BP is responsible for the oil it sells. No one else is. And on that basis it is clear it has no intention of being a net-zero carbon company

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There has been a mass of media reporting this morning of BP's supposed plan to become net carbon zero. The Guardian is amongst many to fall or the line and publish this image:

I smelt a rat. I was right to do so.

I went to the BP website and read the press release. It says the plan is:

Five aims to get BP to net zero:

1. Net zero across BP’s operations on an absolute basis by 2050 or sooner.

2. Net zero on carbon in BP’s oil and gas production on an absolute basis by 2050 or sooner.

3. 50% cut in the carbon intensity of products BP sells by 2050 or sooner.

4. Install methane measurement at all BP’s major oil and gas processing sites by 2023 and reduce methane intensity of operations by 50%.

5. Increase the proportion of investment into non-oil and gas businesses over time.

So, what is clear is that BP will still sell carbon-based products that will still pollute the planet in 2050. In that case it will not be net-zero. It will in fact be the producer of a major continuing contributor to carbon pollution. It may just use a bit less carbon to produce that carbon.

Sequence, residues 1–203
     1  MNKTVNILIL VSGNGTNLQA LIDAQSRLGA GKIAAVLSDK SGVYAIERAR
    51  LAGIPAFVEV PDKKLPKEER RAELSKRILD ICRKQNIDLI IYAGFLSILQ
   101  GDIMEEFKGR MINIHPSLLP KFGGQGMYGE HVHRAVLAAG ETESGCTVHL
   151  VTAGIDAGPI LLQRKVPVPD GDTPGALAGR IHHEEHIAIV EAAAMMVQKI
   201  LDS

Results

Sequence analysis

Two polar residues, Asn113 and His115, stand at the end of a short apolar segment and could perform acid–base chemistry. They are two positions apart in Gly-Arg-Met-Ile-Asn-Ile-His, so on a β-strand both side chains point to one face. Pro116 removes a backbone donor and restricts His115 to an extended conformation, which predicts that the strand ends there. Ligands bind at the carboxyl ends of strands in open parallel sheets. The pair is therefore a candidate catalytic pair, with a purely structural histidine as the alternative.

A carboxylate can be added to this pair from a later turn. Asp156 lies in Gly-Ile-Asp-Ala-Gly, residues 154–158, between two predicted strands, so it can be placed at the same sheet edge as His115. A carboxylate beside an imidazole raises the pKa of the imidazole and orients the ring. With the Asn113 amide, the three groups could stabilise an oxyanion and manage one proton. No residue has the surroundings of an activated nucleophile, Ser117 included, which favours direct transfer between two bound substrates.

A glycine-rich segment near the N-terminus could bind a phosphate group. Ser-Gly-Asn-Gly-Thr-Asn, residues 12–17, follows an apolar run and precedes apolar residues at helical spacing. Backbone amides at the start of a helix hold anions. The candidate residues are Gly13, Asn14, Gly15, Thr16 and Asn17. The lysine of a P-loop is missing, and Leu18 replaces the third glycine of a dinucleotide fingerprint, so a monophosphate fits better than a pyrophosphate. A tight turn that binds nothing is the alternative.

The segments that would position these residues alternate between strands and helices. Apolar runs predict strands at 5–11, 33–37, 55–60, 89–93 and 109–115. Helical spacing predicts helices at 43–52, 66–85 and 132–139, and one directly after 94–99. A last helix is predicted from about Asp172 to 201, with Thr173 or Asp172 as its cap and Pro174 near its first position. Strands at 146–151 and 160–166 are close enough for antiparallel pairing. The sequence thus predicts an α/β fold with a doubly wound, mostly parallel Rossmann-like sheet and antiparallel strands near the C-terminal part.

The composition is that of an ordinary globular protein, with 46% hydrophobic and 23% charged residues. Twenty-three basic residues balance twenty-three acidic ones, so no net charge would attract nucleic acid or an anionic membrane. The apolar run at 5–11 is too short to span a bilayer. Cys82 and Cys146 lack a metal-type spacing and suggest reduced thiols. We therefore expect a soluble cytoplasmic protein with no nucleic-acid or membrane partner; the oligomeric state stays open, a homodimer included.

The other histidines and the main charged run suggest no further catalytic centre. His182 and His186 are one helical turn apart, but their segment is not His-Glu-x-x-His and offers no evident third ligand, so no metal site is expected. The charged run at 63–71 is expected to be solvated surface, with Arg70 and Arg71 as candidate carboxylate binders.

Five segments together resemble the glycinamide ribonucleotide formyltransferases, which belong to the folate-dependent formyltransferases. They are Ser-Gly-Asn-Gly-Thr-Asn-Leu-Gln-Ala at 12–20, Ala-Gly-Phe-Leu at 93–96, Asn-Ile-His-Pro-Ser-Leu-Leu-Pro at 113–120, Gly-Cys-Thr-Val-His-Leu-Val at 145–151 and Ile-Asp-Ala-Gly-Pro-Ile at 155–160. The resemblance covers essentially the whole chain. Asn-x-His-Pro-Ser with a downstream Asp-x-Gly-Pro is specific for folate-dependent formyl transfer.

What is clear is that BP, like so many companies, is relying on the new corporate cop-out, which is to claim they are not carbon neutral on the basis of their Scope 1 and Scope 2 emissions. I have posted this definition, from the agency that defines emissions standards, before:

Scope 1 and 2 together cover the emissions created by a business within its own processes. Scope 3 is the emissions they are responsible for in their supply and customer chains and which would not happen without them, but which Mark Carney's Task Force on Climate-related Financial Disclosures lets them ignore. BP is ignoring its Scope 3 emissions and as a result is making what I consider to be a false claim that it will be net carbon neutral. It won't be. It will be a major polluter.

It's time for these denials of responsibility to end. BP is responsible for the oil it sells. No one else is. And on that basis it is clear it has no intention of being a net-zero carbon company.